Tonight is the night for the Occupy Broad Ripple with Guns event.
I questioned the intentions of John Hallgarth, cited by a couple of local media outlets as originator of the event, in a November 23 blog. More facts have emerged about his past. He has expressed admiration for, even belief in the politics of, the National Alliance, a neo-Nazi organization founded by a former associate of George Lincoln Rockwell, head of the American Nazi Party. The NA founder also authored Timothy McVey’s favorite book, The Turner Diaries. I dropped reference to "neo-Nazi" in the title of this series of blogs because others who (1) advocate gun rights and (2) vehemently expressed their disgust with Nazis and their ilk, see merit in joining an event to educate people about gun rights (however ill-conceived some might think that to be as people at 11 on a Saturday night in Broad Ripple generally are drunk as they hit the bars for which Broad Ripple is known). I did not drop the "neo-Nazi" in the title in deference to Mr. Hallgarth. Check out fellow blogger Paul Ogden’s posts on Ogden on Politics. The documentation is there. Mr. Hallgarth’s has not been a youthful dalliance with an odd, silly belief. It dates back to 2003 or 2004 (odd how websites disappear) and has continued to at least a few days ago.
An interesting dialogue has developed between me and a person who has referred to her self as a "gunny." She posted a reply to my blog of yesterday, and so I want to continue the give-and-take. And, btw, thank you for the advice on use of the computer.
1) Many might not connect the Saturday night gun event with the OWS movement. Some will. If anything negative happens, I am confident one "fair and balanced" network will hype it. Mr. Hallgarth attempts to take advantage of a political phenomenon that is at odds with what he has expressed as his beliefs.
2) As for Buckley and Gore, they had nice exchanges. They also had one, during the 1968 Democratic Convention, in which Gore called Buckley a "crypto-Nazi" and Buckley said he would punch Gore in his "goddamn face." They were eloquent up to that point. I believe each accused the other of drunkenness, one of the nicer facets of a liberal arts education; the drunkenness, I mean. Otherwise it was a treat to hear their exchanges.
Okay, about the anarcho-capitalist position you mention: I am a philosophical anarchist. You are right, that is a discussion for another time, but I at least had to address it.
I will take issue with Paul’s level-headedness, especially when it comes to Theodore Roosevelt. He loses all objectivity then. Well, maybe he does not lose all objectivity. Thank you, you have been civil to me, as well, in the posts on this site. And I try to be reasonable. There are some matters about which I cannot be rational. (I am a Cubs fan; explain that.) On most matters political/philosophical, my goal is civil, reasoned discourse. Paul and I share some beliefs. (We both are fans of the National League.) But we can discuss/argue in civil manner. I hope you will watch past shows on the website.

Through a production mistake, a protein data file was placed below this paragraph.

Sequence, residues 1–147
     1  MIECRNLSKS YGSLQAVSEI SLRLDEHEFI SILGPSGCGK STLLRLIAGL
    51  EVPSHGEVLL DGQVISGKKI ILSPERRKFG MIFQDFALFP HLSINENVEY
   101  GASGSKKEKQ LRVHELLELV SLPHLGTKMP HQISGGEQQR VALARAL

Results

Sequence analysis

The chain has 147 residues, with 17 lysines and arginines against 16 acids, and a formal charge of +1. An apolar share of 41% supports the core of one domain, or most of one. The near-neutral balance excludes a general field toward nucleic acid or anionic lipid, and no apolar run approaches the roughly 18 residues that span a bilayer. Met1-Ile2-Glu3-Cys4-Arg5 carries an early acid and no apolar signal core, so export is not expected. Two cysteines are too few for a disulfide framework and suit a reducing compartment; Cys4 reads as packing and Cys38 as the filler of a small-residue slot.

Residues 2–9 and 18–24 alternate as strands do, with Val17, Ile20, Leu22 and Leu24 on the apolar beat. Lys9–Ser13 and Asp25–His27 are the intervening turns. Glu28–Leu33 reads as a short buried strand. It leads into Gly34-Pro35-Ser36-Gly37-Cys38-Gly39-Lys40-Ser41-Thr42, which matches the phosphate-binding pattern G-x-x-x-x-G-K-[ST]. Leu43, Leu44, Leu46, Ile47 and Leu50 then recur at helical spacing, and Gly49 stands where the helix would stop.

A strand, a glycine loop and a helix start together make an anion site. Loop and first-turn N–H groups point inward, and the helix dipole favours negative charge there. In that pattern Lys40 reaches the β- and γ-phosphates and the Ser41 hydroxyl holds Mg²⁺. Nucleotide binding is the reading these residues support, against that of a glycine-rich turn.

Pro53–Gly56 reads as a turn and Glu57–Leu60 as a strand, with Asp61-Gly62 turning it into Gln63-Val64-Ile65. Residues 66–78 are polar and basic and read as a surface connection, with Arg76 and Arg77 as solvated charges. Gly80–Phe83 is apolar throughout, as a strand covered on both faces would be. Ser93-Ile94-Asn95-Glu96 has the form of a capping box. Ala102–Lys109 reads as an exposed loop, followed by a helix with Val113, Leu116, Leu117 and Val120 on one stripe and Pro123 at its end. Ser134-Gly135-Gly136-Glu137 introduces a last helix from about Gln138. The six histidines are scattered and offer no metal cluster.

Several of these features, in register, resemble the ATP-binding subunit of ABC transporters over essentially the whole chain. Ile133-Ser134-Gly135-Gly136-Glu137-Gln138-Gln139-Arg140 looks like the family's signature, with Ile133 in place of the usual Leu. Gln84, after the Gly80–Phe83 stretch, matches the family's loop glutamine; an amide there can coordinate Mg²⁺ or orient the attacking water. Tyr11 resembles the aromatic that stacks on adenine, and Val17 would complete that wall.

3) Fine, we are in agreement. But I really thought SoBro was trendy.
4) Such matters as complete bans on guns should be discussed. The topic is not similar to chattel slavery. There are people who believe in complete bans. There are people who believe in some gun control (a position, incidentally, that was at the core of the founding of the NRA). It is interesting that when I Google variations on the term "ban guns" I come up with pro-gun websites, usually efforts at sarcasm, that block my attempt to find places where people advocate that guns should be banned. Those websites serve the purpose of blocking free speech. Self-defense might be an intrinsic right, but ownership of firearms does not fall into that category. Handguns, especially, are favorite items for burglars to seize. Burglars rarely hit houses where someone is home. As to self-defense on the street—I agree a handgun can enhance one’s ability to defend one’s self. But how many more people are shot/killed/wounded by accident, in domestic disputes, etc., than are saved by use of a handgun in self-defense? There are numbers bandied about—that is the purpose of discussion and debate. If we do not discuss Fourth Amendment rights, how many people will be ignorant of that Amendment’s virtual evisceration? If there had been open and healthy debate in the general public, would the Barnes case have been handed down? Some people think there are limits on the Bill of Rights. Let’s discuss the Second Amendment. By discussing a ban, people might be swayed to the opposite view and support your position. Open discussion and debate are healthy. Open discussion and debate usually are shut off before rights are taken away.
And about the incense, I think all drugs should be legalized. And before you say it---I know, how can I square that with my opposition to firearms? Again, a discussion for another day.
5) I did not use the term "neo-Nazi" lightly. I believe the evidence is sufficient for the claim that I made.
Okay, we disagree about use of the word "sham." But about what I wrote on the Occupy movement and the use of ads—the ads were for corporate entities like State Farm Insurance. The ads were for corporate entities at the heart of what OWS opposes. As I said in that blog, I am not against making a buck. But ads for those entities, or running ads without any means of accounting to people for how the money is spent, is antithetical to the occupy movement. And that appears to have been only one of three groups.
Mr. Hallgarth would have had a more philosophically consistent name for his event if he had called it "Tea Party in Broad Ripple with Guns." There are more Second Amendment boosters in that crowd.